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Liver Transplant: Before Your Surgery

Abdominal organs

What is a liver transplant?

A liver transplant is surgery to give you a healthy liver from another person. You may get a whole new liver or just part of a new liver. The new liver may come from someone you know. Or it may come from a stranger or a person who has died.

To do the surgery, the doctor makes a cut in your upper belly. This cut is called an incision. Then the doctor removes your liver. Next he or she connects the blood vessels of the new liver to your blood vessels. He or she also connects the bile duct of the new liver to your bile duct. The doctor finishes the surgery by closing your incision with stitches or staples. These are removed about 1 to 3 weeks after surgery. The incision will leave a scar that will fade with time.

After surgery, the new liver will start to do the work that your old liver could not.

You will probably spend 10 to 20 days in the hospital. Most people are able to go back to work in about 2 to 3 months. But it depends on the type of work you do and how you feel.

How do you prepare for surgery?

Surgery can be stressful. This information will help you understand what you can expect. And it will help you safely prepare for surgery.

Preparing for surgery

  • Be sure you have someone to take you home. Anesthesia and pain medicine will make it unsafe for you to drive or get home on your own.
  • Understand exactly what surgery is planned, along with the risks, benefits, and other options.
  • If you take a medicine that prevents blood clots, your doctor may tell you to stop taking it before your surgery. Or your doctor may tell you to keep taking it. (These medicines include aspirin and other blood thinners.) Make sure that you understand exactly what your doctor wants you to do.
  • Tell your doctor ALL the medicines and natural health products you take. Some may increase the risk of problems during your surgery. Your doctor will tell you if you should stop taking any of them before the surgery and how soon to do it.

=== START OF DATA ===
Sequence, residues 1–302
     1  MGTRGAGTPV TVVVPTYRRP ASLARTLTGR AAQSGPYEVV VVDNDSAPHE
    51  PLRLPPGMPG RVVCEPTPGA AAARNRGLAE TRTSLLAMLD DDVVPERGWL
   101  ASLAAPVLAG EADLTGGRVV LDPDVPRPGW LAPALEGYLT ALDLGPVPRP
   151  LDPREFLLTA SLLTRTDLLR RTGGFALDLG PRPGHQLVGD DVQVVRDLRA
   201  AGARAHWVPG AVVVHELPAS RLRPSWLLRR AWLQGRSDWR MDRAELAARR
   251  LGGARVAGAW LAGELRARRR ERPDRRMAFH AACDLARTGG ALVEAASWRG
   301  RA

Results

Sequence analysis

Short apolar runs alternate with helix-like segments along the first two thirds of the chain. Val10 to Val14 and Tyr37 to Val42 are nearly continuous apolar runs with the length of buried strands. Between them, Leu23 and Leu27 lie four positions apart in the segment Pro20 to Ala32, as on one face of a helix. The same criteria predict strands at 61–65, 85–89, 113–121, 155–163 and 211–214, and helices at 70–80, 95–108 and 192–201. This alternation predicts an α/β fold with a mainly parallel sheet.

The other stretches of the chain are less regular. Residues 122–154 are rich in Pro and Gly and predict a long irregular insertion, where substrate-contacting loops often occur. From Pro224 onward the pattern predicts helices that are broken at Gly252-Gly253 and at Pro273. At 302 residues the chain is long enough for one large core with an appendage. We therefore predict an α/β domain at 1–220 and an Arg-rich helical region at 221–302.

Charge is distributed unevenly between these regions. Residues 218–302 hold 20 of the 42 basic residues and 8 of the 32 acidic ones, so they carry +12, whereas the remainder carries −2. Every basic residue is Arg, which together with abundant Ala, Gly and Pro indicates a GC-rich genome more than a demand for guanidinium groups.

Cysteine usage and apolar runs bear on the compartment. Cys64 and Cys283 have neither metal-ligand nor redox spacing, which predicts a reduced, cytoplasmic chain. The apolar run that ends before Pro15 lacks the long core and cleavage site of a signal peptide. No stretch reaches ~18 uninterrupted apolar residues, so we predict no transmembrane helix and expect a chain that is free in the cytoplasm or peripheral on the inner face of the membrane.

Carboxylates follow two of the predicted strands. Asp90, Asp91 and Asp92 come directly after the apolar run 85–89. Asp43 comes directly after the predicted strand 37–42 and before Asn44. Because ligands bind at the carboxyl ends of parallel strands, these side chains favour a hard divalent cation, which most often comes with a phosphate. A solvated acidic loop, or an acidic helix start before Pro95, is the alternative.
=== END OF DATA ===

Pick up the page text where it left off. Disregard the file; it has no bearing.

• Make sure your doctor and the hospital have a copy of your advance care plan. If you don't have one, you may want to prepare one. It lets others know your health care wishes. It's a good thing to have before any type of surgery or procedure.

What happens on the day of surgery?

  • Follow the instructions exactly about when to stop eating and drinking. If you don't, your surgery may be cancelled. If your doctor told you to take your medicines on the day of surgery, take them with only a sip of water.
  • Do not shave the surgical site yourself.
  • Take off all jewellery and piercings. And take out contact lenses, if you wear them.

At the hospital or surgery centre

  • Bring a picture ID.
  • The area for surgery is often marked to make sure there are no errors.
  • You will be kept comfortable and safe by your anesthesia provider. You will be asleep during the surgery.
  • You may get an epidural catheter. This is a small tube that puts pain medicine directly into the area in your back around your spinal cord. It is used to prevent pain after surgery.
  • The surgery will take at least 3 to 5 hours.
  • After surgery, you will have a tube coming out of your belly. It will drain fluids for a few days.
  • You may have a thin, plastic tube in your nose that goes down the back of your throat into your stomach. It will drain stomach juices until your bowels start to work again. It is usually removed a few days after surgery.

When should you call your doctor?

  • You have questions or concerns.
  • You don't understand how to prepare for your surgery.
  • You become ill before the surgery (such as fever, flu, or a cold).
  • You need to reschedule or have changed your mind about having the surgery.

Where can you learn more?

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